When I first got to college and it seemed like everyone gave up something for Lent, I tried doing it too but quickly forgot about my promise after the first week or so. After that, there didn’t seem to be a point in giving up something for Lent since there was no meaning in it to me and I couldn’t remember it anyways. I think I want to give it another try now.

I have been thinking about spirituality on and off this year and the past few. It comes and goes with certain conversations I have, books I read, wishes I hope to fulfill. I want my Lenten offering to God this year to be to pray. I’ve more or less forgotten to pray in my everyday life. When I do think about it and begin to pray, I’ve noticed that when my mouth shuts up, my brain goes into hyperactivity and I begin to daydream right in the middle of it. Don’t know how it happens, but I always find myself talking to myself in the end rather than to God. Why is praying so difficult? I think now, the only time I really have a conversation with God anymore is when I go through one of those random jolts of insecurity after asking one too many existential questions like, why are we all here, what am I supposed to be doing, what is my purpose, what happens after death, etc. It’s not like everyone has trouble praying. I’ve seen lots of people feel pretty calm and refreshed after a quick prayer so either they’re good fakers or they’re on to something that I don’t know about yet.

I know I’ve got enough friends who pray religously (pardon the pun) so I suppose I could ask them what they do differently, but prayer seems like one of those personal activities you can’t just learn from a guideline and talking about it makes me uncomfortable. And that’s why I like this blog. It’s the stuff I can’t talk about, my faults and insecurities, written out for me to at least recognize them. posted by brenna at 3:28 PM 0 comments

“Is Black History Month hypocritical?” That’s the title of this week’s LSL article by Adam Sweeney that’s causing quite a fuss on campus. It seems that some folk here think he’s a white supremacist and hates all black folk, which, if only judging by the title, I’d agree with, but truth in fact, if they read his article at all, they’d realize that he is anything but trying to be racist. Also, that wasn’t his title. He had written some neutral title (I forget now what it said), and an idiot editor at the LSL decided to change it to to what it is now to make it more catchy or whatnot. But unless I’m completely reading him wrong, what I got out of Adam’s article is not that he doesn’t want to get rid of Black History Month, but that America needs to recognize all races that make up the citizens of this nation. And I think his point is valid. Especially when considering how high the Mexican-American population is and will be in 10 years, they are still facing discrimination. And this isn’t to say that discrimination against black people has stopped either. I still see it, and it makes me sick. I want to punch every person that makes a racist comment just because of how ignorant they are and because of how much hate they are spreading. (eh, I like to punch the ignorant. That’s how I roll.) But America is more than black and white, and it’s time we started giving equal recognition to all those colors in between.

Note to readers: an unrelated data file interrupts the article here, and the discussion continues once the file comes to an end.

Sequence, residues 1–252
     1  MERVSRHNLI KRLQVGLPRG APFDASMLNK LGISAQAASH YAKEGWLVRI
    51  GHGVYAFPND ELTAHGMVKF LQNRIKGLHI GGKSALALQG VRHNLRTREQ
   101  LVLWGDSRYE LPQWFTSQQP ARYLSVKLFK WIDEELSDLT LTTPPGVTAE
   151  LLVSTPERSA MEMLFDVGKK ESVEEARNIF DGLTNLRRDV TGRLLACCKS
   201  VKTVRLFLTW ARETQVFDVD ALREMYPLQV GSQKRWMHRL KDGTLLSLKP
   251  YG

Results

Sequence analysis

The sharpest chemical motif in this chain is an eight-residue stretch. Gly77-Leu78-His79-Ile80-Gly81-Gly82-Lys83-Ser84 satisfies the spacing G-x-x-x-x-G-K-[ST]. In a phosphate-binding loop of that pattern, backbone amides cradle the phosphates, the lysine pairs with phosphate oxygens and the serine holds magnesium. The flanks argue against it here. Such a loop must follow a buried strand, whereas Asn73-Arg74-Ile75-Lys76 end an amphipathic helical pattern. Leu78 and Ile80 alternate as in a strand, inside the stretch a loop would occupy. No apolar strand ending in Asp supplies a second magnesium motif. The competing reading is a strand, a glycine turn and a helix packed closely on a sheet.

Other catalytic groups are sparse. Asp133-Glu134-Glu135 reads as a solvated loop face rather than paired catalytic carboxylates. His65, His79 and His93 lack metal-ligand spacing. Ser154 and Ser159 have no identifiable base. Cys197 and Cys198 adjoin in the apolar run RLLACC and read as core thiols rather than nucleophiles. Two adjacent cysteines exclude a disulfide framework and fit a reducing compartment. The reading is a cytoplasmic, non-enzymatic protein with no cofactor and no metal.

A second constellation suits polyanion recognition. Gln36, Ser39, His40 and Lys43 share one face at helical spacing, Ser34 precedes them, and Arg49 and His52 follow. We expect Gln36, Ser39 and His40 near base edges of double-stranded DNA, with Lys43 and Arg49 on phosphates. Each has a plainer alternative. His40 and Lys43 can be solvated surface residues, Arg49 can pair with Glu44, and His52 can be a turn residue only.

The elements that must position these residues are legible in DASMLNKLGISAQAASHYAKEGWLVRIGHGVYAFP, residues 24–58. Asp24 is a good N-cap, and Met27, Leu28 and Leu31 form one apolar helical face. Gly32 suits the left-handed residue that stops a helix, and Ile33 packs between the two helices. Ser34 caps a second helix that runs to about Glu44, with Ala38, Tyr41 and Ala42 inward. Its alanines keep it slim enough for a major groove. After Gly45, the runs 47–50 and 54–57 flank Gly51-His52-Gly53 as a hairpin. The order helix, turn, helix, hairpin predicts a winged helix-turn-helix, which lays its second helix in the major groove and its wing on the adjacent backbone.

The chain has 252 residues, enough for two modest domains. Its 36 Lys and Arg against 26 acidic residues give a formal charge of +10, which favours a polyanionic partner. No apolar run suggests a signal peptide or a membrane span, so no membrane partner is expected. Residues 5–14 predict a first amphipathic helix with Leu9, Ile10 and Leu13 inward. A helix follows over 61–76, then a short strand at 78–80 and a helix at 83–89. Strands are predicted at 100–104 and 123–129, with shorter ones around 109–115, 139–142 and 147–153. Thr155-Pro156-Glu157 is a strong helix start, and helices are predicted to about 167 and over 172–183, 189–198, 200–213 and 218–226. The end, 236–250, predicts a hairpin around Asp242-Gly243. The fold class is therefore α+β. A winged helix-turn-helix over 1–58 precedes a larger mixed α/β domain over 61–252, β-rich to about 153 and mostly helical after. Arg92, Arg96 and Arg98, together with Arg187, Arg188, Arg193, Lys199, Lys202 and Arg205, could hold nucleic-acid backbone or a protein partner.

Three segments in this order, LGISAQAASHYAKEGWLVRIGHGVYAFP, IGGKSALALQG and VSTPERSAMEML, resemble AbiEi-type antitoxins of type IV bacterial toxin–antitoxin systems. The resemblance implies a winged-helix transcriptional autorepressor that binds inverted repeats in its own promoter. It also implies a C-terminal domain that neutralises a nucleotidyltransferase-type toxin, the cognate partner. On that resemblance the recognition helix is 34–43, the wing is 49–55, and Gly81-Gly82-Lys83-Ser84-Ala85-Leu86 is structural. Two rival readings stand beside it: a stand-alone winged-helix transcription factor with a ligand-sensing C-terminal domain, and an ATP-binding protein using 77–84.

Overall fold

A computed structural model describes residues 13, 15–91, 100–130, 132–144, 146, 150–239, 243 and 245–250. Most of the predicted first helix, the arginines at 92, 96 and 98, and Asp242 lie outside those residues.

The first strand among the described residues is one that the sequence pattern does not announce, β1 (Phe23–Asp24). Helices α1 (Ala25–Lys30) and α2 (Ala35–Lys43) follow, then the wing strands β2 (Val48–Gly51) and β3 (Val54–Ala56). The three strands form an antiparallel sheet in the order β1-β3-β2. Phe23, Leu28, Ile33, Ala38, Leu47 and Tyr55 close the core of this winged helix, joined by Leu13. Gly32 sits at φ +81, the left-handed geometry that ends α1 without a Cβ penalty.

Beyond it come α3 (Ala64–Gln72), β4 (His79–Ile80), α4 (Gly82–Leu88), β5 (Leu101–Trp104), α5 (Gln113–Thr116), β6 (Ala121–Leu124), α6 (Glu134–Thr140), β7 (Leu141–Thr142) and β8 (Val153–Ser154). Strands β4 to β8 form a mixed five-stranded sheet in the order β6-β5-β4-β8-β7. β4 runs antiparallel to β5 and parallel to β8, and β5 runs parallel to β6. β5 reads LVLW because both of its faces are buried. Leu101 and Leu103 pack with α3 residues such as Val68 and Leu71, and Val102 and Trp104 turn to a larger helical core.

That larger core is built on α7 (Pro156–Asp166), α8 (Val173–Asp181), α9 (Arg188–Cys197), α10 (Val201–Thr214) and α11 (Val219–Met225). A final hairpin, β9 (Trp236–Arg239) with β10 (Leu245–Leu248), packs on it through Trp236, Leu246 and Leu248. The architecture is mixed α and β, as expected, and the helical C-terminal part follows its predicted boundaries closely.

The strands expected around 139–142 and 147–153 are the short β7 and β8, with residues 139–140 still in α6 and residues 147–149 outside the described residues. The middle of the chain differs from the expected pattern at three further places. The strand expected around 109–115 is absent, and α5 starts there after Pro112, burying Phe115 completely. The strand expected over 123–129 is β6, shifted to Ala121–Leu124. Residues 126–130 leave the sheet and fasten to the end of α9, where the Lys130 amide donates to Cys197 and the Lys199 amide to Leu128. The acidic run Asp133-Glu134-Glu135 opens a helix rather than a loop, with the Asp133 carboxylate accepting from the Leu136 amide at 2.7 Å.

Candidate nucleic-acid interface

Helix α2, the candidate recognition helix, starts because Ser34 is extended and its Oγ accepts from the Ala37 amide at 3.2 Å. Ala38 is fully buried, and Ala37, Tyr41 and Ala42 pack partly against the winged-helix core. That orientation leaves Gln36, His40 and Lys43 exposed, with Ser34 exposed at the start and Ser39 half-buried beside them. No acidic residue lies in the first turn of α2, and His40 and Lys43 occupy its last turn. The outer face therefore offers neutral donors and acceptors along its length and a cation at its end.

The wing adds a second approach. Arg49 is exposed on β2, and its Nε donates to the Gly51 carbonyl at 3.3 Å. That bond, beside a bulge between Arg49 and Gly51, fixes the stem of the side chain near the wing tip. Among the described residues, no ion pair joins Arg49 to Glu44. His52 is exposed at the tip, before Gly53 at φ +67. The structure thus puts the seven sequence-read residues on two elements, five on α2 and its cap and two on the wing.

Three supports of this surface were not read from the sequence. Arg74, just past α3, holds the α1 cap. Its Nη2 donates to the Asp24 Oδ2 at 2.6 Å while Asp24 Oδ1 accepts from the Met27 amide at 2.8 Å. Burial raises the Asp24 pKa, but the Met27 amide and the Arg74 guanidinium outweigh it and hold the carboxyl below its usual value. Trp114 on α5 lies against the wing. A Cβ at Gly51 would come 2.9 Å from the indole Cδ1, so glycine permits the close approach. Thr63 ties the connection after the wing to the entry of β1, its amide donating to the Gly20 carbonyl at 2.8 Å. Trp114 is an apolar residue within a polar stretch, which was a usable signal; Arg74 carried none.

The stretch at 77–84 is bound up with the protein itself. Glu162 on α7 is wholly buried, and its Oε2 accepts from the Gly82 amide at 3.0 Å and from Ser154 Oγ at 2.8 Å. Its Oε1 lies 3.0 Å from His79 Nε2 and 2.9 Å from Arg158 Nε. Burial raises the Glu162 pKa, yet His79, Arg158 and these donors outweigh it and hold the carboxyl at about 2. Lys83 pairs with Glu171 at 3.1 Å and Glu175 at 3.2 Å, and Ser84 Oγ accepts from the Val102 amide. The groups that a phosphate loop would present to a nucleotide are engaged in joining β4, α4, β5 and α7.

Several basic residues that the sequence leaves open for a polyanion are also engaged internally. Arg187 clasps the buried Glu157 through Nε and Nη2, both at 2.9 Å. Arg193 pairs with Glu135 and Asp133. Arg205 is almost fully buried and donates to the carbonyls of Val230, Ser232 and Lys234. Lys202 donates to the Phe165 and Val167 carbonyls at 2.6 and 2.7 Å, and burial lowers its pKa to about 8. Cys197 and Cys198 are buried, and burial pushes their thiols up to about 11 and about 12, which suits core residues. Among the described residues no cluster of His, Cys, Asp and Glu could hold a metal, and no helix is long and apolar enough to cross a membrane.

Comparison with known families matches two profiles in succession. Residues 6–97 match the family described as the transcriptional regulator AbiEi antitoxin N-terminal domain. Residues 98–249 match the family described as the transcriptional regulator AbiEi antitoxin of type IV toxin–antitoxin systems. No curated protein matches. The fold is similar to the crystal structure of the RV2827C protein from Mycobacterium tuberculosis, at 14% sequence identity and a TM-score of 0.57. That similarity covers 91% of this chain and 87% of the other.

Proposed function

And to clarify from his article, I do not think we should stop seeing races. By acting like we can’t see the most obvious thing about a person besides their gender would be stupid, and honestly, I think the fact that we are all of different races is beautiful. It took me a long while to appreciate the fact that my skin is brown and my eyes are shaped differently than everyone else’s around me. Maybe it’s because I grew up “white” and am really only Asian on the outside, but seeing my differences as actually being beautiful was very hard. Especially since Bridget and I were literally two of maybe 5 Asians in our town. We got stared at quite often growing up. But we’re also twins so I guess seeing Asian twins in a small Texas town can be a bit odd. Still, it’s hard not to feel a bit uncomfortable about your physical appearances when, in high school, you’re asked by a peer if you were born with fetal alcohol syndrome because your eyes don’t have the crease above them. Even now, I think being asked point-blank with no leading-in conversation, “So, where are you from?” is a bit rude. I choose to tell them Texas, but I know they’re always asking about my ethnicity. I had one gentleman at the restaurant the other day start speaking Spanish to me when I asked to take his drink order and when I said I did not know Spanish, he proceeded to speak to me in Japanese. I laughed it off, but I really think it was fairly offensive at the same time. I was speaking perfect English to him. Why didn’t the dummy just speak English back? Okay, I’ve digressed. Back to the main point, pretending not to see race is nearly as insulting as identifying a person only by their race because it ignores a part of that person. Whether they want it or not, their identity is built partially on how they are perceived, and race, even when we don’t acknowledge it, factors in to our perception of people. When I look at my sister, I immediately see that she’s a) female, b) Asian, c) skinny, and d) I am so much better looking than her. (I don’t think she reads this blog anyways, so I guess I can make up anything I want about her here.….) I do not want one diluted race that fails to see our differences. Equality shouldn’t be about seeing everyone as the same but about seeing all our differences as being equal and deserving in respect.